Enernet: Using the Lessons of the Internet to Solve Energy


In the early 1970s, Professor Bob Metcalfe worked on the Arpanet, the precursor to the Internet. In the decades that followed, he both observed and participated in building the Internet as we know it today. He developed Ethernet and founded 3Com to sell it. He became publisher and columnist for InfoWorld, started technology conferences and became a venture capitalist.

Although the Internet is “not finished yet,” he recounted in a recent talk, “we solved information.” Now, he said, the lessons of the Internet can help us solve energy.

In his recent presentation, part of the Texas Enterprise Speaker Series, Professor Metcalfe spun out an hour-long analogy between information and energy, between the Internet and what he called the Enernet. Professor Metcalfe showed his audience how to look at energy with fresh eyes.

Some of the Internet lessons Professor Metcalfe discussed that could be applied to energy include:

Avoid hardening of the categories

In the very early days of the Internet, communications happened by telephone and calculation happened by computers. Once upon a time, voice, video and data were separate categories with separate networks. All of those are now considered data, and the Internet carries all of it. All of the innovations that made the Internet what it is would not have been possible had the original categorization continued.

  • Lesson for energy: Subsidizing feedstocks such as corn (for corn ethanol) can’t be done without also disrupting the price of food. Also, energy and the environment are not the same thing. We need cheap, clean energy, and we also need to solve the global warming problem. These are two different things.

Squanderable abundance

We use much more bandwidth now that the Internet has been established than we could even have conceived of using in the early days of the Arpanet.

  • Lesson for energy: If the Internet is any guide, when energy is solved, we will not be using less of it, but we will have created ways to create squanderably abundant, cheap, clean energy.


The Arpanet was built to facilitate communications from one physical endpoint to another. It didn’t occur to anyone that one of its most popular uses would be to communicate from computer to computer within one building. Ethernet was invented to create a local network, and today Ethernet LAN traffic is dominant. Also, initially the Internet was built so that data was sent over wireless for the long haul and then through copper wiring to houses. But the opposite happened. Now data is sent over fiber networks for the long haul and then through wireless networks for the “last mile.”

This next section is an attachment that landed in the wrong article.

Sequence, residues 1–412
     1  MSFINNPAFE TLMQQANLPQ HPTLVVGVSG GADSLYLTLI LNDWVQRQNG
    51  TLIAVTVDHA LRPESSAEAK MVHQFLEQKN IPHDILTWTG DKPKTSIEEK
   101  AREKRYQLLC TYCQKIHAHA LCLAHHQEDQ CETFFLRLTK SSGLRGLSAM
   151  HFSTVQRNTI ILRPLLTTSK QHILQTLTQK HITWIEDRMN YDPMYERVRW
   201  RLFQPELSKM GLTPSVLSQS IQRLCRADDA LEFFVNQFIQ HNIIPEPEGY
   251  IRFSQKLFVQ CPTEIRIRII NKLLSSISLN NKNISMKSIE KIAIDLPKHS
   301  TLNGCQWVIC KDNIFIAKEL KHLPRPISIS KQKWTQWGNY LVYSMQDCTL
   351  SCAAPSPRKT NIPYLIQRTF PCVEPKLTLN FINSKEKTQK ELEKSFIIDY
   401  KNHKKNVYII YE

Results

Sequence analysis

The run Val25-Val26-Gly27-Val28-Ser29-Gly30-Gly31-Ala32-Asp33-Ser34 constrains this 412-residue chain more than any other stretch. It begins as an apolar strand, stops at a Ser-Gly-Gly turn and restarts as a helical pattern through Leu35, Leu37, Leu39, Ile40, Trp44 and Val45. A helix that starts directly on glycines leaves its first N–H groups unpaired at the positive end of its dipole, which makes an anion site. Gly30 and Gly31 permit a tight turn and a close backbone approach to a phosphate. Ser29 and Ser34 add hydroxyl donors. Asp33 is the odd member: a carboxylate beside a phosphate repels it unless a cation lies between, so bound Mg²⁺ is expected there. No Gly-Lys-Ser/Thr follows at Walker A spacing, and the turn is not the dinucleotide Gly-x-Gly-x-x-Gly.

• Lesson for energy: Expect game-changing surprises.


The late 1990s Internet bubble is infamous, yet much of the technology that runs the Internet now was created during that bubble phase.

  • Lesson for energy: Expect speculative bubbles and use them to accelerate technological innovation.

Silver bullets

There was more than one “silver bullet” in the development of the Internet, but the main one Professor Metcalfe discussed was DWDM — dense wavelength division multiplexing. This technology allows for much larger amounts of data to be transmitted over fiber networks than previously was possible. DWDM is the reason why hardly anyone pays for long-distance anymore.

  • Lesson for energy: Expect silver bullets that we can’t even envision at this time.

Professor Metcalfe reminded the audience that applications such as YouTube were the furthest thing from the minds of anyone working on the Arpanet in the 1970s. He ended his talk by inviting his audience to imagine what uses could be found, what world problems we might solve, once we have a squanderable abundance of cheap, clean energy.

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Mentioned in this Article

Bob Metcalfe

Fellow of the Clint W. Murchison Sr. Chair of Free Enterprise Cockrell School of Engineering, Department of Electrical and Computer Engineering


About the Author

Renee Hopkins

Writer and Innochat Co-Founder, Innochat

Renee Hopkins was founding editor of Texas Enterprise. She writes extensively about innovation and...